Structure, Function, Pharmacology, and Therapeutic Potential of the G Protein, Gα/q,11

Front Cardiovasc Med. 2015 Mar 24;2:14. doi: 10.3389/fcvm.2015.00014. eCollection 2015.

Abstract

G protein coupled receptors (GPCRs) are one of the major classes of cell surface receptors and are associated with a group of G proteins consisting of three subunits termed alpha, beta, and gamma. G proteins are classified into four families according to their α subunit; Gαi, Gαs, Gα12/13, and Gαq. There are several downstream pathways of Gαq of which the best known is upon activation via guanosine triphosphate (GTP), Gαq activates phospholipase Cβ, hydrolyzing phosphatidylinositol 4,5-biphosphate into diacylglycerol and inositol triphosphate and activating protein kinase C and increasing calcium efflux from the endoplasmic reticulum. Although G proteins, in particular, the Gαq/11 are central elements in GPCR signaling, their actual roles have not yet been thoroughly investigated. The lack of research of the role on Gαq/11 in cell biology is partially due to the obscure nature of the available pharmacological agents. YM-254890 is the most useful Gαq-selective inhibitor with antiplatelet, antithrombotic, and thrombolytic effects. YM-254890 inhibits Gαq signaling pathways by preventing the exchange of guanosine diphosphate for GTP. UBO-QIC is a structurally similar compound to YM-254890, which can inhibit platelet aggregation and cause vasorelaxation in rats. Many agents are available for the study of signaling downstream of Gαq/11. The role of G proteins could potentially represent a novel therapeutic target. This review will explore the range of pharmacological and molecular tools available for the study of the role of Gαq/11 in GPCR signaling.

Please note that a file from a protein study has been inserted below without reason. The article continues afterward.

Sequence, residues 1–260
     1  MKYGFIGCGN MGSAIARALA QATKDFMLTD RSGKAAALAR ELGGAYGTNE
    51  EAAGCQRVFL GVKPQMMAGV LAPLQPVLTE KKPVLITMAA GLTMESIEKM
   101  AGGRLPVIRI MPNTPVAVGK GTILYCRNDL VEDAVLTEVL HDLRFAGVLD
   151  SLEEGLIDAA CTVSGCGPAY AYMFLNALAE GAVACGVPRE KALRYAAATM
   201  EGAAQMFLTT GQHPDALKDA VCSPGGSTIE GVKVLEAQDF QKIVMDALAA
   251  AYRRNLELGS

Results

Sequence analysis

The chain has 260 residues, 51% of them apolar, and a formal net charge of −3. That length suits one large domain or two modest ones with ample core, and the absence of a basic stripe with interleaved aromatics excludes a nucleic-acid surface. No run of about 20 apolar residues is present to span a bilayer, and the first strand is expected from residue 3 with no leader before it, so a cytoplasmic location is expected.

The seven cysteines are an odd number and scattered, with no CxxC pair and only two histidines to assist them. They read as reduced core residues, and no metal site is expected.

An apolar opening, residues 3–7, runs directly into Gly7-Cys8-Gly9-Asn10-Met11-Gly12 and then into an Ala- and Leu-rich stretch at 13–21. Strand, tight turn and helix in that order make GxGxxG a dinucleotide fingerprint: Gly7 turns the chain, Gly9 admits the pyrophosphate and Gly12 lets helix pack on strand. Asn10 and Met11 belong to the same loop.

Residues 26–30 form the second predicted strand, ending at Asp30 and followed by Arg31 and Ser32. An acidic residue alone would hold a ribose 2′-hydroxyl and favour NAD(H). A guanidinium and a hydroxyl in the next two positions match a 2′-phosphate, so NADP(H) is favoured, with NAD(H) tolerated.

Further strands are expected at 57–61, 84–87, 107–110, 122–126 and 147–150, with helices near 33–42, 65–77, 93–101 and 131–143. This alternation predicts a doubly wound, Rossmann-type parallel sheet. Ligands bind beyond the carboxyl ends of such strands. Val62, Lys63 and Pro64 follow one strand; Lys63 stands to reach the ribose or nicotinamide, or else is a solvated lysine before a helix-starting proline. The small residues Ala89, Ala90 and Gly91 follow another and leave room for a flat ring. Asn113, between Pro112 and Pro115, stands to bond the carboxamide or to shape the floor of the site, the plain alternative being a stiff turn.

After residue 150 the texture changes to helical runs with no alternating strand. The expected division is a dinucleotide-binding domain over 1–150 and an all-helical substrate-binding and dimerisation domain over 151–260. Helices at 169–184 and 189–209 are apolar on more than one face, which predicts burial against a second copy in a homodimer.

Keywords: G proteins; GPCR; cell signaling; therapeutic targets; transactivation.

Publication types

  • Review